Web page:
Empowering Valves is happy to see so many industry professionals nominate their fellow peers, to help shine a light on the PEOPLE behind the equipment! Today’s Valve Person of the Week is Shannon K. Rodriguez, P.E., Managing Engineer with Houston Public Works & Houston Water.
Q. How did you get started working in the Industry?
Shannon: I knew growing up that I wanted to be a Civil Engineer because bridges and buildings fascinated me, and my dad always pointed out that I had a knack for math and science. As I began working on my Civil Engineering degree at Texas Tech, I realized that I actually preferred working with water and wastewater treatment – which led me to become a design consultant for 8 years. After time spent in the private industry, I started working for the City of Houston, managing our hydraulic model for two years. Then I moved over to our drinking water operations team in December 2014 and haven’t looked back.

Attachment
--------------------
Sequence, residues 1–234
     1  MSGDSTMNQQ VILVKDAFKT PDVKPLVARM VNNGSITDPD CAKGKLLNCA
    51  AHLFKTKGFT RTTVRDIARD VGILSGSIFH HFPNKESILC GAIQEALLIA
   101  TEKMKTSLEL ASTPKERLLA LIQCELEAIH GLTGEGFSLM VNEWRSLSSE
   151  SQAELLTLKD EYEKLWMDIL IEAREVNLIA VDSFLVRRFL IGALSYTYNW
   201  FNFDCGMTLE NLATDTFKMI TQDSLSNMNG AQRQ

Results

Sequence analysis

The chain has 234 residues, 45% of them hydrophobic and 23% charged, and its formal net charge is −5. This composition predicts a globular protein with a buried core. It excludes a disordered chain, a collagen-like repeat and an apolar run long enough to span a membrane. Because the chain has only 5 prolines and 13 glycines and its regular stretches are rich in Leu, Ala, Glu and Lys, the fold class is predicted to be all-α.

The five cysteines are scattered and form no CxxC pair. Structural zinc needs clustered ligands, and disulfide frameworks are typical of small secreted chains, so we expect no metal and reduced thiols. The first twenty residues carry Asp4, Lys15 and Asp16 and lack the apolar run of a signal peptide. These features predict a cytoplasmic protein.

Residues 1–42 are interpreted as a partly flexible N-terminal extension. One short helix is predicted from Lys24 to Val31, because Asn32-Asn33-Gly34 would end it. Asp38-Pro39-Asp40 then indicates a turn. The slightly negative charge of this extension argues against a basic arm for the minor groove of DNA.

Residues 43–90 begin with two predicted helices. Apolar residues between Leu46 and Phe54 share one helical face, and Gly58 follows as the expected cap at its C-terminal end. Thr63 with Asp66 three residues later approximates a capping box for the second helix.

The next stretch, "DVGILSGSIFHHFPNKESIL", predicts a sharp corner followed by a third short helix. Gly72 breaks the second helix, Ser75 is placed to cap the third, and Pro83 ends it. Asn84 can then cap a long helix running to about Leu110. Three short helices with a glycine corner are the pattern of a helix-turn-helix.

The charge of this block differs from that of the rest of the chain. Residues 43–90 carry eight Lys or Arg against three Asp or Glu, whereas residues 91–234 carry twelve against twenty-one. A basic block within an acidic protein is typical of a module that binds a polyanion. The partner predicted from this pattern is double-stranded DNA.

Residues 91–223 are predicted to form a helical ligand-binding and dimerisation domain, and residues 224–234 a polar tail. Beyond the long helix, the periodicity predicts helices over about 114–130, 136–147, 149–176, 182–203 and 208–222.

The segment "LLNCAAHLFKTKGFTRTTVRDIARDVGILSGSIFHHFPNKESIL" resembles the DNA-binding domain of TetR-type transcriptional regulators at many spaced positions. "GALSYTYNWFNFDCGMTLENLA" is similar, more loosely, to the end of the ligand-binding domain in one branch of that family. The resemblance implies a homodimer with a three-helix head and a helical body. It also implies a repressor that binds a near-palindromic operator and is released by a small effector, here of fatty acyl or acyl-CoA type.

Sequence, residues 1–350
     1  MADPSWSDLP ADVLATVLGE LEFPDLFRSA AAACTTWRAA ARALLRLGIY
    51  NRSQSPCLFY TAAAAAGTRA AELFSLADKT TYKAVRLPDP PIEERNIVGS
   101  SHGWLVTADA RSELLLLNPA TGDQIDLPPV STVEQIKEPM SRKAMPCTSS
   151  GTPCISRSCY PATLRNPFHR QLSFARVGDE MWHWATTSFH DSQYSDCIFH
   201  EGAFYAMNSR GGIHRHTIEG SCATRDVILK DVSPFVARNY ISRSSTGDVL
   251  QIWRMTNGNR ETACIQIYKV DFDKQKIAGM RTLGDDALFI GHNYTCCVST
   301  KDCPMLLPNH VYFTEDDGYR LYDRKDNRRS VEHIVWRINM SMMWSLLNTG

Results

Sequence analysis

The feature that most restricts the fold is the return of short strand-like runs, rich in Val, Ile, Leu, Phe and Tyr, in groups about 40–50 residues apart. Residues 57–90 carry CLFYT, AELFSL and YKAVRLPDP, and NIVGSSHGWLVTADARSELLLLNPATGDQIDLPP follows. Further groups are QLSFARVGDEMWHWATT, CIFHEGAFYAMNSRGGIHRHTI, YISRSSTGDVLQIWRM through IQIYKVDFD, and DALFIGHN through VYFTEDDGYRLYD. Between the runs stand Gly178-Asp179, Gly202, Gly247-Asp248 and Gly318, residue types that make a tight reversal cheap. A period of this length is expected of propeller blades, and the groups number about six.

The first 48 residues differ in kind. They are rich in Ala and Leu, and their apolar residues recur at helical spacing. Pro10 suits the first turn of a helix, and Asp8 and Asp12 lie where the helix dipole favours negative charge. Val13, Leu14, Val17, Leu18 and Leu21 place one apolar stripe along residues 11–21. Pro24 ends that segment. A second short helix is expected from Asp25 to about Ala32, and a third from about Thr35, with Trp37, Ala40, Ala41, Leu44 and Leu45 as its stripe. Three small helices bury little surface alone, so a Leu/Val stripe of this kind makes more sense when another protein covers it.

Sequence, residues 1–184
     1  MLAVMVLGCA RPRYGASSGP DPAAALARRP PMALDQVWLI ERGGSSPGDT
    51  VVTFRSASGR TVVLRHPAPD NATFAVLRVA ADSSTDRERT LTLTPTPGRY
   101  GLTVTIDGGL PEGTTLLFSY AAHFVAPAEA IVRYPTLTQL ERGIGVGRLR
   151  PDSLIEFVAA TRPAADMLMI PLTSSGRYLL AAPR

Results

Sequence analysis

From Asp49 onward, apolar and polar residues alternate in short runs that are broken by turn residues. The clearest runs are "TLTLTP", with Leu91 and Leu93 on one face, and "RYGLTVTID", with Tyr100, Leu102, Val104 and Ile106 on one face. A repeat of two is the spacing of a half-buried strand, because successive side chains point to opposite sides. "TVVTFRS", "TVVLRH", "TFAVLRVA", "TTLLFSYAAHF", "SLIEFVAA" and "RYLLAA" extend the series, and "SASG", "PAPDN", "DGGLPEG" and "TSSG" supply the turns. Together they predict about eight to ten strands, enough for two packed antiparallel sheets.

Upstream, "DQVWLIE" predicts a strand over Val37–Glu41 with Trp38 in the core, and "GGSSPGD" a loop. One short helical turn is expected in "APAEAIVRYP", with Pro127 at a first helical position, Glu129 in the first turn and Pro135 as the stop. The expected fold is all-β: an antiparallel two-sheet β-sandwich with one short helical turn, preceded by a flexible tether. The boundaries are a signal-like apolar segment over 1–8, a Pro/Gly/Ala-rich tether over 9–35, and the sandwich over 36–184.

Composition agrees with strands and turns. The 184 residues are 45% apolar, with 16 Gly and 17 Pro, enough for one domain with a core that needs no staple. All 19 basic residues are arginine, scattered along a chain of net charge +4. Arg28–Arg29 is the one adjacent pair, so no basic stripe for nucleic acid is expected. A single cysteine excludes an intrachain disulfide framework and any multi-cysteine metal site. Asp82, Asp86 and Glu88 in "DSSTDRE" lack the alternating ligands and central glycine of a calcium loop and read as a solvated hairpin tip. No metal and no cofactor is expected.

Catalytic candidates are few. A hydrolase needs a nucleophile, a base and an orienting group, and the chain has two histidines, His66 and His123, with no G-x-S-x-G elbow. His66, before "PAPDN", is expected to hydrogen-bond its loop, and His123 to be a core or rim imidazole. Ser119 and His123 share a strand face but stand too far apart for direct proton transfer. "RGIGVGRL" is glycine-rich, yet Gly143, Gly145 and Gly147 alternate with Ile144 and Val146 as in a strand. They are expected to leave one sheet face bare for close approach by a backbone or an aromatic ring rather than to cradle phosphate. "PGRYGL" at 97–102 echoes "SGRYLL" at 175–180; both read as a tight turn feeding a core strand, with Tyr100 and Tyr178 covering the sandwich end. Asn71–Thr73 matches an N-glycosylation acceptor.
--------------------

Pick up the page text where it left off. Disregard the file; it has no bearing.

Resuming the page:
Q. What is your favorite part of your job? What are you most proud of?
Shannon: I enjoy being able to get out in the field and get inside our large diameter pipelines with my field staff for inspections and repairs. I like the problem solving aspects because no two problems are the same, and on a daily basis, I am responsible for the public’s health and safety. I’m most proud of my ability to work one on one with our customers as a public servant and know that I always have their best interest at heart. I have been able to successfully coordinate the shutdown of some of Houston’s largest drinking water facilities without causing detrimental impacts. There is definitely a lot of ‘blood, sweat and tears’ that go into this job.
Q. What advice would you give to someone new to the industry?
Shannon: Be a sponge. Take it all in and learn from the “oracles” that have been in the industry for an extended amount of time because they can teach you the most. Dealing with pipelines, valves and large equipment can be daunting, but if you’re willing to absorb as much as you can, you’ll succeed with time. It just takes patience and earning the respect of those around you.
Q. Can you tell us about a cool project you worked on?